I was watching Top Gear on Youtube yesterday, and the persenter was talking about the infamous AMC Pacer. For those of you not in the know, AMC was an American car manufacturer famous not so much for their successes (the AMX, their Jeep years, the Eagle, etc...) as they were for their failures (the Gremlin and the Pacer). Now, in the 70's AMC saw the impact that the oil crisis was having, and decided to concentrate on compact cars that were more fuel-efficient. One of these attempts was the Pacer. It had a large space-age bubble butt made of glass, the passenger door was longer than the driver door (to encourage people to get out near the curb, rather than the road), and a supposedly more fuel-efficient engine (not actually the case, as they scratched the original more fuelt efficient wankel engine they planned to use, and went with a gas guzzling straight six instead). This and other design highlights were meant to make this the car of the future. But it actually had the opposite effect. It made it one of the most notoriously hideous cars ever produced. It was mocked for its lack of beauty, lack of power, and even lack of style. It has been ridiculed in car magazines, People magazine, Times magazine, Top Gear US and UK, and even in the movie Wayne's World! Put bluntly, the Pacer is the eternal joke of the motoring world.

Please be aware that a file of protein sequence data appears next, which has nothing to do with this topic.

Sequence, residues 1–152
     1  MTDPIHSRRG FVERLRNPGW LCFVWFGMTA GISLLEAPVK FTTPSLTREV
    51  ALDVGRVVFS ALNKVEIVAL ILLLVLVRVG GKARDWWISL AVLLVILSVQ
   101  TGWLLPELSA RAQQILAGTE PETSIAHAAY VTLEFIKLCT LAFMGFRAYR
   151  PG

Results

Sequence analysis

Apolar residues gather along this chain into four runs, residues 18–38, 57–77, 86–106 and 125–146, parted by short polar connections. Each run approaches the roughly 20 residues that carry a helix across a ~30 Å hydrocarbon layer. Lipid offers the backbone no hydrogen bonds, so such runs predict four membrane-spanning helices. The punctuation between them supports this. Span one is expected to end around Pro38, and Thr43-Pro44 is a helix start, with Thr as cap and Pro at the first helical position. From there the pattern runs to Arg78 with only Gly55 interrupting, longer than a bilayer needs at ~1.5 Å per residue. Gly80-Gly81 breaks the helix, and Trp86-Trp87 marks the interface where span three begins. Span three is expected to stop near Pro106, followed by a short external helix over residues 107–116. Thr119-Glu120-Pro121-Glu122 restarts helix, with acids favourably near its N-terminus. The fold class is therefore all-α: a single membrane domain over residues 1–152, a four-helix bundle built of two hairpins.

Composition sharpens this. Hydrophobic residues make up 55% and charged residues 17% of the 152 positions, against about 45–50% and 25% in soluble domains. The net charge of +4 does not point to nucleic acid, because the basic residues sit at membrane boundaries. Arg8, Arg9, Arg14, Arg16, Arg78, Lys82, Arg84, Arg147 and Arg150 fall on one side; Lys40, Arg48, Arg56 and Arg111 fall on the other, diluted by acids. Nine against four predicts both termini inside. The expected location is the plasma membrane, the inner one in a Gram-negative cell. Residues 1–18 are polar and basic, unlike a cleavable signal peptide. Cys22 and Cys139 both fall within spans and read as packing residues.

But here's the thing about jokes. Sometimes the last laugh comes from the subject, rather than the teller. Take a look at this:
That's right, a Pacer that can do a 10 Second quarter mile! A Pacer that shines on the track, and has other people looking in disbelief as it tears down the runway at the kind of speeds one expects from a Mustang 5.0 or a Yenko Camaro! This strange little reject from a 1970's science fiction movie is suddenly humbling the hard bodies all around it.
As I was watching this marvel from AMC, I thought about what Paul wrote about in II Corinthians 3-5. This is where Paul talks about what it means to follow Christ and trust in God's salvation, rather than to try and save ourselves through our works. Paul is an amazing writer, and his use of analogy and symbolism is pretty hardcore! And in these three chapters, we see Paul compare living by the Law of Moses, to living by faith in God. He expounds beautifully on the idea that none of us can be saved or perfected by the law, because not one of us can ever live up to the law fully. So rather than devote ourselves to obedience to rules, we should devote ourselves to faith in God's ability to change and restore and complete us!
This has been such a difficult albeit freeing concept, since I started following Christ. God does not expect me to earn my way into heaven by continued works, but rather wants me to love Him completely and devotedly. The works, the obedience to God's law, is a by-product of wholly devoted love to the Creator of the Universe! As I learn to love God more, I want to serve Him, to obey His rules. I don't do it out of fear or out of desire for heavenly entrance. I only do it because I want to show God that I care about Him.
But here's the thing: no matter how much I try to obey God's will, I will always fall short. No matter how hard I try, I will always fail. But the beauty of God's plan is that if I stop trying to change me, and just devote myself to God, He does the changing for me! As Paul puts it: "Not that we are sufficient of ourselves to think of anything as being from ourselves, but our sufficiency is from God, who also made us sufficient as ministers of the new covenant, not of the letter but of the Spirit; for the letter kills, but the Spirit gives life." (II Corinthians 3:5-6)